5. 7. <ul><ul><li>Emerging technologies </li></ul></ul><ul><ul><li>Economic expansion </li></ul></ul><ul><ul><li>Environmental concerns </li></ul></ul><ul><ul><li>Global unrest </li></ul></ul>The Search for Alternative Energy: A Convergence of Challenges
    6. 8. Resource Nationalism OPEC 98 % 2 % Investor-owned Companies Government-owned Companies
    7. 9. Source: Energy Information Administration; BP; O&G Magazine In July 2011, we imported 351 million barrels at a value of $37 billion. If we could cut our oil imports in half by converting to domestic energy sources, we could pump $18.5 billion per month into the US economy.
    8. 11. The Case for Natural Gas Source: ANGA
    9. 12. <ul><li>Arkansas: Helping Address This Energy Challenge </li></ul><ul><ul><li>Our Natural Gas and Oil is Abundant and accessible </li></ul></ul><ul><ul><ul><ul><li>10,869 billion cubic feet of gas reserves </li></ul></ul></ul></ul><ul><ul><ul><ul><li>28 million barrels of oil reserves </li></ul></ul></ul></ul><ul><ul><li>Clean burning </li></ul></ul><ul><ul><li>Produced for America … by Arkansans </li></ul></ul>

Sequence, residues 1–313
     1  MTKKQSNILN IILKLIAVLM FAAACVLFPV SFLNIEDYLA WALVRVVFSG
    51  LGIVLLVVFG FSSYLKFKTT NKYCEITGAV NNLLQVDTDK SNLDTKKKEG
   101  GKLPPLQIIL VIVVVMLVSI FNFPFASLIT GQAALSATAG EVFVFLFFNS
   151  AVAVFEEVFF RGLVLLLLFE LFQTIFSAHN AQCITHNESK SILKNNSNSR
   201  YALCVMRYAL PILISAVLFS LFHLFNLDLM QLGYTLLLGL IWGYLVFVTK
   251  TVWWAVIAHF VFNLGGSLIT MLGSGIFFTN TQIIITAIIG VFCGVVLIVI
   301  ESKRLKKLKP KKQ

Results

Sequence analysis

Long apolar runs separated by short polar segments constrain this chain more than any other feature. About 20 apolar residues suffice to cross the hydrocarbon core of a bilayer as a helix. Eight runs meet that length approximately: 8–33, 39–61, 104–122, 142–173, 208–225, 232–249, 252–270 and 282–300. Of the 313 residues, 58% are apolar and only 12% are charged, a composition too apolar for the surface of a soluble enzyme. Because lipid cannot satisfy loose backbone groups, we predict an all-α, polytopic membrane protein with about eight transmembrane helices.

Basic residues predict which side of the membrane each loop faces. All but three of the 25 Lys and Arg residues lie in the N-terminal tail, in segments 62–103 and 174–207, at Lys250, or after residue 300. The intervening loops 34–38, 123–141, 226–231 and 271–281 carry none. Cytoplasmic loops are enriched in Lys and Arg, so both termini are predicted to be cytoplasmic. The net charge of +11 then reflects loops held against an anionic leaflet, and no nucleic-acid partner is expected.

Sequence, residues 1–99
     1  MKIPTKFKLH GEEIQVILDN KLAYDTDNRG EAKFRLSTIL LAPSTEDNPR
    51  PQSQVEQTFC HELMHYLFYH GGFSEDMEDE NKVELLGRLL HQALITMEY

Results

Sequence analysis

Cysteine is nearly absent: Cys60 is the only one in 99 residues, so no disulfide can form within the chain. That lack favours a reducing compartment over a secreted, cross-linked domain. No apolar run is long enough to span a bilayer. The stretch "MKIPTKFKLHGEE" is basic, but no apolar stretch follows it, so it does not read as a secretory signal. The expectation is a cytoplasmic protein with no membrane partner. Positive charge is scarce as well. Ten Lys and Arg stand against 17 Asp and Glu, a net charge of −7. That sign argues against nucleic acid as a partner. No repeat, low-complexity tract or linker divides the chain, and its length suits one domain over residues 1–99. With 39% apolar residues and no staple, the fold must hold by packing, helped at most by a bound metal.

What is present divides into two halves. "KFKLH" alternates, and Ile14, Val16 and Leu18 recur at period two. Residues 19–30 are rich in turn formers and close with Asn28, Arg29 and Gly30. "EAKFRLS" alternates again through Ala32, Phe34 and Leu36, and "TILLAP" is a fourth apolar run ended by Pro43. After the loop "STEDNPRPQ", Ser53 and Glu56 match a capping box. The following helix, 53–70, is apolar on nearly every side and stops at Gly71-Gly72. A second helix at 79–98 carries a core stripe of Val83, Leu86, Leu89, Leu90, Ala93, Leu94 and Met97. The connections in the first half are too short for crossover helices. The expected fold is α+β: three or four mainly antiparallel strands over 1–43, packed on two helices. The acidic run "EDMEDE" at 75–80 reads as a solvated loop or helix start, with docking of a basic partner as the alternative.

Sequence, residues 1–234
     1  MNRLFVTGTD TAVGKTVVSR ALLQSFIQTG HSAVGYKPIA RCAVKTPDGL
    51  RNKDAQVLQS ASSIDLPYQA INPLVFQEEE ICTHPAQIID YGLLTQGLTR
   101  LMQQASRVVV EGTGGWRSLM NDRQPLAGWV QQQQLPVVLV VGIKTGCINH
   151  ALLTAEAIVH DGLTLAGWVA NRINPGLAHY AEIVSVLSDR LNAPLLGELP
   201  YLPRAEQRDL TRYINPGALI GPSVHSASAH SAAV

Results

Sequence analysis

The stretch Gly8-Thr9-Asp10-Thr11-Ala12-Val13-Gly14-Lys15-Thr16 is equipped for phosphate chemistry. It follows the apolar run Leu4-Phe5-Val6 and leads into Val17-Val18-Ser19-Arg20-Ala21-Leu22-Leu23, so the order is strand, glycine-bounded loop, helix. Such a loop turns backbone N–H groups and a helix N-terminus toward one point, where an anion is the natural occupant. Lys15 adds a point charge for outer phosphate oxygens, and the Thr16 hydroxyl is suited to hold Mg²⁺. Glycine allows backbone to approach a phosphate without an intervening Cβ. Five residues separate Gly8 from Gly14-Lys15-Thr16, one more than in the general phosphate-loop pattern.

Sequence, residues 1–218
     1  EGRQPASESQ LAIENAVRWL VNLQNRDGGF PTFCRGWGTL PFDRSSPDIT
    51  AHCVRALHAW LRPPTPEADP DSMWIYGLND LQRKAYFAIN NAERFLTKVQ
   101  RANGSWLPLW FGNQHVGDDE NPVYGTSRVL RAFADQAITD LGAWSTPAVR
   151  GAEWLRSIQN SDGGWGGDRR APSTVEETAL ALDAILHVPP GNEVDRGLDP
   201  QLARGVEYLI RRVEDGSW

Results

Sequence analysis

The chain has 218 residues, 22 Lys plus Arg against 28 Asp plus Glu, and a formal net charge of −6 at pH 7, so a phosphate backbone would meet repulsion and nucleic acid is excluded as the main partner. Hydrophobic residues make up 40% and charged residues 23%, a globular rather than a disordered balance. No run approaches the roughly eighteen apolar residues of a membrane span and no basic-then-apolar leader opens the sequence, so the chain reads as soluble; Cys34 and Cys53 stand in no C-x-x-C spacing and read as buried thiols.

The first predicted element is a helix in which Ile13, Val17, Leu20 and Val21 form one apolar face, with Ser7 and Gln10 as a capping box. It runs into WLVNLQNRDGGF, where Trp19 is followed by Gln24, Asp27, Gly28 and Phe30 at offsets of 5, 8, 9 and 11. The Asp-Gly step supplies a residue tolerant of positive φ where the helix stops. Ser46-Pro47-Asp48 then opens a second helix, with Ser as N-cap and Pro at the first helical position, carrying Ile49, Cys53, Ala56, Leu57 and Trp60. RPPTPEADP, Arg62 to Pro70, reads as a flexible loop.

10. 13. Cycle of Natural Gas Well <ul><li>Site selection and preparation </li></ul><ul><li>Drilling the well </li></ul><ul><li>Completing the well </li></ul><ul><li>Production </li></ul><ul><li>Site reclamation </li></ul><ul><li>Avoiding impact to wetlands, sensitive habitat, significant archeological sites; Addressing/remediating any impact </li></ul>
    11. 14. Drilling Technology Vertical Horizontal
    12. 15. The Energy of Employment <ul><li>Greater access to more of the shale gas reservoir </li></ul><ul><li>Higher volumes of natural gas and greater recovery </li></ul><ul><li>Less environmental impact </li></ul><ul><li>More aesthetically pleasing </li></ul>